Before we address this issue we want to say our heart and prayers go out to all those affected by Typhoon Haiyan. We know many of us have family that are affected by this, even if we all were not. We are glad to see the world is coming to the aid of Filipinos in this time of need. We also wish the best for the many TRICARE beneficiaries living in the affected areas as well.
In the 2006 TRICARE Stakeholders Report they go on and on about how much they did to assist beneficiaries following Hurricane Katrina where all kinds of rules were suspended to insure veterans and their families got the care they needed and were reimbursed. They even sent representatives to assist beneficiaries.
There were similar responses with the suspension of rules during Hurricane Wilma and Rita and many other disasters such as earthquakes and volcanic eruptions including the earthquake disaster in Japan a few years back.
TRICARE even has a Disaster Information Page where you can access specific information on your particular disaster and what rules were suspended and they even post notices in advance of anticipated hurricanes. Note the date and time this page was copied and the listed disasters.
What are they doing for the 11,000 beneficiaries in the Philippines considering the two major disasters that occurred in the last couple of months?
Initial Response to Major 7.2 Earthquake on October 15, 2013
Follow-up Response to Major 7.2 Earthquake on October 15, 2013
Beneficiaries in the Central Visayas were among the millions affected by this earthquake including transportation issues, health issues such as safe drinking water and sanitary facilities resulting in significant increases in public health issues. Hospitals were damaged and closed. Many areas were without power for weeks. Access to health care, certified providers, etc. were totally disrupted; the response from TRICARE and International SOS (ISOS), absolutely nothing.
Four days ago possibly the strongest typhoon or hurricane to ever hit land destroyed entire cities, towns and villages in the Philippines affecting tens of millions of people. All infrastructure is gone in many areas where not one building is left standing; hospitals, pharmacies and clinics as well are gone. Tens of thousands are homeless. As with the earlier earthquake, but on a much larger scale, transportation is limited, banks are gone or closed, safe drinking water is extremely limited as are sanitary facilities and the resulting public health issues will prove to be another disaster reviling the typhoon. The entire world has come to the aid of the Philippines with funds, relief goods and assistance teams; even the U.S. military is on the ground helping Filipinos while TRICARE abandons beneficiaries.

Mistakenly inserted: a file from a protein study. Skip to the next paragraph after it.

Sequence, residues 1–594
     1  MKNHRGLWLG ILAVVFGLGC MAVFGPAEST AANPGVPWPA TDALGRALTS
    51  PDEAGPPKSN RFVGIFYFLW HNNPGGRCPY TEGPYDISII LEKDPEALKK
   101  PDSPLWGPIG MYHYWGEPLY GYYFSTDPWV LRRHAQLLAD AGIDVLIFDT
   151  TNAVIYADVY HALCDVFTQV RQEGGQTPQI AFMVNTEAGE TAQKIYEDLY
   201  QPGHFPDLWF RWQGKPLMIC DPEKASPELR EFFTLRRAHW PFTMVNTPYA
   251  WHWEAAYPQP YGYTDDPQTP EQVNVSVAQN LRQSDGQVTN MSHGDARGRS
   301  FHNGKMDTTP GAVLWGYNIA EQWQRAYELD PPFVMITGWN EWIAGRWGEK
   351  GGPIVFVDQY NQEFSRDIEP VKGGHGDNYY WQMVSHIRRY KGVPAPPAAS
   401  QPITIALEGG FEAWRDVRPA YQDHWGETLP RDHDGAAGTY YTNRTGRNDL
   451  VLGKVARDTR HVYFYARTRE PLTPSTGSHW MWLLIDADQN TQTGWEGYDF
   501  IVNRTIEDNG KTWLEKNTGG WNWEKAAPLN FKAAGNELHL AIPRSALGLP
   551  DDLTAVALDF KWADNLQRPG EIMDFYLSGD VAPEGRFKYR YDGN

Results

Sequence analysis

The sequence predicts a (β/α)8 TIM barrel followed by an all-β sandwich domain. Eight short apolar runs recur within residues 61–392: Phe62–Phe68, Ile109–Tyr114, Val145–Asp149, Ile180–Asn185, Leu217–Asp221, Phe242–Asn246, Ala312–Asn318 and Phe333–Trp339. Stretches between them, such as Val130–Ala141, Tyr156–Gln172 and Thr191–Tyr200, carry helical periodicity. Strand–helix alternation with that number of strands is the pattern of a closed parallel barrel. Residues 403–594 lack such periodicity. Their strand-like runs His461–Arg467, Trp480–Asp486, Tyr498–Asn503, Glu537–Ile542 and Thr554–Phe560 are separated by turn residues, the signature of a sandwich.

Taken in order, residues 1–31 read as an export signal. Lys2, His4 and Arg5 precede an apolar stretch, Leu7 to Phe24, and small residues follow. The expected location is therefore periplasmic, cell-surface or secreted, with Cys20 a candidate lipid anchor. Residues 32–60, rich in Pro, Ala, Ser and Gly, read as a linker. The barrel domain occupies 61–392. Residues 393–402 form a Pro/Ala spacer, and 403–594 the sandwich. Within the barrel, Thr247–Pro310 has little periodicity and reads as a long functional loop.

What is the Defense Health Agency (DHA) and ISOS doing to assist the thousands of beneficiaries who no longer can access the internet to confirm that the provider, hospital or pharmacy they use is Certified?
Advance Response to Typhoon Haiyan on November 8, 2013
Initial Response to Typhoon Haiyan on November 8, 2013
Follow-up Response to Typhoon Haiyan on November 8, 2013
See the complete lack of an ISOS response on their web pages as of 11/11/13 0830 hrs. local time.
It has not gone unnoticed that DHA and ISOS have no problems hiring claims processors to assist providers in their failing Demo but can’t find any way to assist beneficiaries during disasters in the Philippines. This clearly demonstrates our second class status.
As a minimum DHA and ISOS should suspend the need to use Certified providers and consider all care in the affected areas for the duration as Emergency Care. Further they should suspend all requirements for providing itemized statements and their double proof of payment requirements. After all it is now public knowledge that even their contractor trained Demo providers can’t convert local bills to the U.S. itemized standard; how can they expect providers working in what is left of health care facilities and know nothing of TRICARE or the U.S. system to do it?
Remember guys, DHA and ISOS always have your back when it comes to providing access to care!